In Montana, the Rev. John Vallie serves a tri-parish that is a 300-mile round trip. Faith Lutheran in Glasgow, Trinity in Wolf Point and Trinity in Plentywood each have about 15–20 worshipers on a Sunday. Vallie preaches and celebrates the Lord’s Supper at a different congregation each week and livestreams the sermon to the others.

In Iowa, the Rev. Jonathan Conner serves Zion in Manning. Zion, while not a part of a formal dual parish, is in “partnership” with Trinity in Manilla. When Trinity had trouble filling a vacancy, Zion provided financial assistance, allowing Trinity to call her own pastor. In exchange, Zion receives support from Trinity’s pastor and partnership with Trinity. Services, events and programs are held jointly or at non-overlapping time.

In Connecticut, the Rev. Evan Scamman accepted a call five years ago to a dual parish in Greenwich, located two miles apart. After three slow, careful years of discussion, First Lutheran sold its beloved building and joined St. Paul Lutheran.

In northern Minnesota, the Rev. Karl Weber serves St. John’s Lutheran in Ottertail and St. Paul in Richville. They are 11 miles apart and St. John’s (about 100 on Sunday) pays the majority of the expenses, while St. Paul (about 25 on Sunday) pays a smaller portion.

Successful partnerships

While MCPs vary greatly, what makes them successful boils down to three central points:

1. Keep the mission at the center.

As congregations face declining numbers, sometimes lapsing into “survival mode” feels inevitable. For instance, 57% of Montana congregations have fewer than 50 in attendance, according to the Rev. Terry Forke, president of the LCMS Montana District. “It’s easy to slip into survival mode — ‘just keep the doors open until I get buried.’”

But partnerships forged on economic fear are not set up for success or survival.

“The healthy attitude is: We get to cover a lot of ground and maintain the proclamation of the Gospel in varied places and as congregations we want to do that together,” said Forke.

From the beginning, congregations involved in partnership should pray and study the Word of God together. “You will find lots in there about God’s people working together,” said Galchutt.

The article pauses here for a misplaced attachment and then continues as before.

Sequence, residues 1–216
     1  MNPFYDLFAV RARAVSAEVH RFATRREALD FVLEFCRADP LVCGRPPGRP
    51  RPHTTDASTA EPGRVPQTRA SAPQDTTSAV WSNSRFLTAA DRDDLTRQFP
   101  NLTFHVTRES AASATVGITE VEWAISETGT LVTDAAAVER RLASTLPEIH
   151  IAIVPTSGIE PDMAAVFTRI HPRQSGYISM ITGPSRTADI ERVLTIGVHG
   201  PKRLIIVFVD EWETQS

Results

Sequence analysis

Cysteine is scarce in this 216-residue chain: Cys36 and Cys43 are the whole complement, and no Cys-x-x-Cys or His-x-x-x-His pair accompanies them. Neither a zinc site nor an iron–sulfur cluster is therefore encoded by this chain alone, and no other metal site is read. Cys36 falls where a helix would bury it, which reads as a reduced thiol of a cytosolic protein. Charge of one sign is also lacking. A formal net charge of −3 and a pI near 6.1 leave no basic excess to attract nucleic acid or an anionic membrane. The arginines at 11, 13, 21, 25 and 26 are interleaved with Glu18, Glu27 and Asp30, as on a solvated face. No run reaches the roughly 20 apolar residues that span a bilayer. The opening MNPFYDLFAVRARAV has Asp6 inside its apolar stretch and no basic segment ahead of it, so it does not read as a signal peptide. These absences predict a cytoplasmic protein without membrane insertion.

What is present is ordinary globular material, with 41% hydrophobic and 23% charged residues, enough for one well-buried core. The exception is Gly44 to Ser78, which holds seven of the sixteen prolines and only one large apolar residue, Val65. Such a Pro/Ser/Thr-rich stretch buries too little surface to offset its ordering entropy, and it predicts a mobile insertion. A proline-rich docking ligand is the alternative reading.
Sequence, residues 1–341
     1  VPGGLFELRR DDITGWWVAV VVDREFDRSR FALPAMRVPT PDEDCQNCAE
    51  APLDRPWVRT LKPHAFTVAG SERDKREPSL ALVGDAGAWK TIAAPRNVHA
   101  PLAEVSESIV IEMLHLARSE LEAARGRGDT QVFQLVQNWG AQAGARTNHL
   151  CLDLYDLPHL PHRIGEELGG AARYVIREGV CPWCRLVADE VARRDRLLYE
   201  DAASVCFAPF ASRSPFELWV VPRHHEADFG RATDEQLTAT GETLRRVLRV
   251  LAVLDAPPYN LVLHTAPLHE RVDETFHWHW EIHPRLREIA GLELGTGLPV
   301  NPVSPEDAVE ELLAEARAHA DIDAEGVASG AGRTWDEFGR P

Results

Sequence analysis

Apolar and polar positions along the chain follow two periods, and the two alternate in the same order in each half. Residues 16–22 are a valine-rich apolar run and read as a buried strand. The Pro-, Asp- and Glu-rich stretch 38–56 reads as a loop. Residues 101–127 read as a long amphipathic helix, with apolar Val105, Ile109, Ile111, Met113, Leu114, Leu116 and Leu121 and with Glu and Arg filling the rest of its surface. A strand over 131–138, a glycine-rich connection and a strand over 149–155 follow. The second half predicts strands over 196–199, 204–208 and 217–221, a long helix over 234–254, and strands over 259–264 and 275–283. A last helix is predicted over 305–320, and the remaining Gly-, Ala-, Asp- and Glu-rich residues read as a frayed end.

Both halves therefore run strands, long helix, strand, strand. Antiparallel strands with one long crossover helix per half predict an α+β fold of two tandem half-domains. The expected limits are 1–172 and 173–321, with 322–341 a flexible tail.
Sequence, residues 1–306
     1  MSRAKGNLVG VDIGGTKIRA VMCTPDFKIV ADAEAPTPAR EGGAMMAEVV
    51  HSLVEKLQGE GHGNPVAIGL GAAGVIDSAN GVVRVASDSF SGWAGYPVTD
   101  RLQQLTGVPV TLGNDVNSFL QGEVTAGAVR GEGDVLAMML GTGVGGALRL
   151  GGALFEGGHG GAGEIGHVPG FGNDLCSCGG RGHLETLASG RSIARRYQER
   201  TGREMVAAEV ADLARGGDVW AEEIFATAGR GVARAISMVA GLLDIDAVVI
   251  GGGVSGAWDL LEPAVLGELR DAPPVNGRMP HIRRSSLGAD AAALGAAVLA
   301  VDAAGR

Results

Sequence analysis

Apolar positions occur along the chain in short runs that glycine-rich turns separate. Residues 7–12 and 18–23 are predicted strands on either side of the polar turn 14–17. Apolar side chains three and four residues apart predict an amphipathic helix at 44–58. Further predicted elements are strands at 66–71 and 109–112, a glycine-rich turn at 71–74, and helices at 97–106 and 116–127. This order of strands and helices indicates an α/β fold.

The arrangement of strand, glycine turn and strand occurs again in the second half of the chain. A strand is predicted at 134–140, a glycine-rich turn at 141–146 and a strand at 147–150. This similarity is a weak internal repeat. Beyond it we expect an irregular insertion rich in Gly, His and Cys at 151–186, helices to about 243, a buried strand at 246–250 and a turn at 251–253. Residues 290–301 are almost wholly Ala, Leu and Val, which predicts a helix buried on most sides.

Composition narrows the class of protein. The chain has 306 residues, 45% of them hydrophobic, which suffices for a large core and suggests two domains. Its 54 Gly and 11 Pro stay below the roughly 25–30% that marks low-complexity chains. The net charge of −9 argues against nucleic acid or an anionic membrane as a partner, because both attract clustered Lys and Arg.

2. Set clear expectations ahead of time.

MCPs should create a detailed and unified plan in advance, usually in the form of a Multi-Point Parish Agreement. A sample agreement is provided in the LCMS Council of Presidents Manual, which includes:[6]

  • pastoral duties and expectations;
  • congregational expenses;
  • service times; and
  • the structure and organisation of the MCP.

“Pastors can come and go,” said the Rev. Dwayne Lueck, president of the LCMS North Wisconsin District, so it is important to make sure congregational leaders are on board with everything.

3. Communicate clearly.

Partnerships thrive when everything is out in the open.

It is crucial that “there are no hidden agendas,” said the Rev. John Pingel, president of the LCMS Eastern District. “All of the issues should be out on the table. … We must deal honestly with each other.”

The best way of doing this is to foster personal relationships between the congregations, especially their leaders. Regular meetings of congregational leadership are important, and regular fellowship events for the congregations are very helpful.

Communication from the pastor is also crucial. For instance, he can hold regular “office hours” at each congregation and advertise these times in the church bulletin.

This article originally appeared in the May 2023 issue of The Lutheran Witness and was reprinted with permission. Part 2 of this Article will follow in the next edition of the FELSISA WITNESS.

[1] Pew Research, “Which U.S. religious groups are oldest and youngest?” pewresearch.org.

[2] LCMS Rosters and Statistics, “Analysis of Ordained Ministers: Age, Status, Calls, Retention and Placement,” September 2022.

[3] MCPs are often referred to as “dual parishes,” but the official term “multi-congregation parishes” is used in this article, as some include three or four congregations.

[4] LCMS Rosters and Statistics, “LCMS Multi-Congregation Parishes,” Feb. 28, 2023.

[5] Galchutt now serves as executive director of the LCMS Office of National Mission.

[6] This is available online as a part of the LCMS Kansas District’s partnership resources.